Economies of Scale in Sustainable Brewing

Posted on November 23, 2011


All aspects of beer intrigue me, so while I am not a consumer of American Adjunct Lager style of beer (think Budweiser, MGD, Coors, etc) I still appreciate the companies that brew them on many other levels, aside from taste. One of these areas of respect is the impact sustainability initiatives at these breweries can have.

No matter how you feel about big beer, no one can deny its impact in the market, from distribution to advertising, and now sustainability. While smaller, craft breweries have built sustainability into their strategy, operations, and mission, a number of large breweries have taken on sustainability measures in the past few years, and I know some people automatically discount these initiatives. However, it is important to realize just how big an impact these measures can have.

As an example, let’s compare some Granny Smith apples to Golden Delicious apples, or in this case craft beer to big beer, by comparing the size of the SABMiller to the U.S. craft industry.

SABMiller has initiated water use measurement and setting goals for reduction. Their current water ratio is 4.2 liters of water used for every 1 liter of beer produced. 1 Their goal is 3.5 liters used per liter of finished product. 2 This represents only water used in the production of beer, the overall water embedded in a liter of SABMiller beer is between 61 and 180, for production in Peru and Tanzania, respectively. 3 (I could not find reliable numbers for average total production.) The total amount of water used in SABMiller’s production of beer in 2010 was 731 million hectoliters, which is 73,100,000,000 liters. That means they are making 17,404,761,905 liters of beer a year, which is 148,317,796 barrels of beer. Context please?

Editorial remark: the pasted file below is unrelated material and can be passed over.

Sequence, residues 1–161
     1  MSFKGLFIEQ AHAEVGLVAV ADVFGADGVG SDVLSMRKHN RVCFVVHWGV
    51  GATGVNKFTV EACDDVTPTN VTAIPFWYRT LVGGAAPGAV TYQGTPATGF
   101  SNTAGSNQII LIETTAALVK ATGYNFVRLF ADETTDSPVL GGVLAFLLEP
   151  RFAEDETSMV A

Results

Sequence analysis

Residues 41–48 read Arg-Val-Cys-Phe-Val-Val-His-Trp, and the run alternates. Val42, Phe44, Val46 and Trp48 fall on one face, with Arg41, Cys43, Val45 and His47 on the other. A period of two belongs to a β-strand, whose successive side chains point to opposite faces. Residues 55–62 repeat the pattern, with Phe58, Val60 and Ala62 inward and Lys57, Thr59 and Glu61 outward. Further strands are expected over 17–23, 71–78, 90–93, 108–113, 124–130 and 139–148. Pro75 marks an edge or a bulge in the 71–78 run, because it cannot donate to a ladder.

SABMiller produces a lot of beer, approximately 10% of world beer production (world beer production in 2009 being 1,809,683,000 hectoliters4).  Further context, the U.S. craft beer market in 2010 was 1,167,839,796 liters, or 9,951,956 barrels.5 This means that U.S. craft beer production was 1/15th the size of SABMiller’s. What does this mean in terms of sustainability? SABMiller’s goal is to reduce their water use ratio to 3.5, if they are able to get to 3.9 they will have reduced their water impact by the size of the whole U.S. craft beer industry production. I realize that this is comparing total production to water waste reduction, but I think it gets the point across. If all breweries take on water use reduction initiatives, the beer industry can grow and have no additional impact on water resources.

“American Adjunct Lager” refers to a style of beer, not an individual brewery or the size of the brewery; however, it is the style that the big U.S. brewers are known for and associated with.
“Embedded” water refers to all the water that is used to produce a product, from growing the crops to washing the bottles.
Measurement: The simple measurement of impact, whether it is measuring water, CO2e, biodiversity, etc, is a first step in almost all sustainability initiatives. It is only with these numbers that feasible goals can be set. Goal setting in of itself it not enough, though lots of companies squat there for a while, it is following through on these goals that is important.
Units of Measurement: Yikes!  Usually production is given in barrels in the U.S., but liters are also used. A barrel equals 117.3 liters (or 31 gallons), so 1 barrel = 117.3 liters = 31 gallons.

The numbers used for SABMiller were taken from a single internal website. I found some wildly different numbers in different places, so I chose what I felt was the most accurate source. I suspect that the difference in numbers reported is due to: inclusion of the whole supply chain vs single stages along the supply chain (ie only production), outside articles without proper citation and reproduction, and differences in handling information between industries or groups.
1 SABMiller
2 SABMiller “Water Future Report”
4Brewers Almanac 2011
5Brewers Association Statistics

Posted in: Beer Industry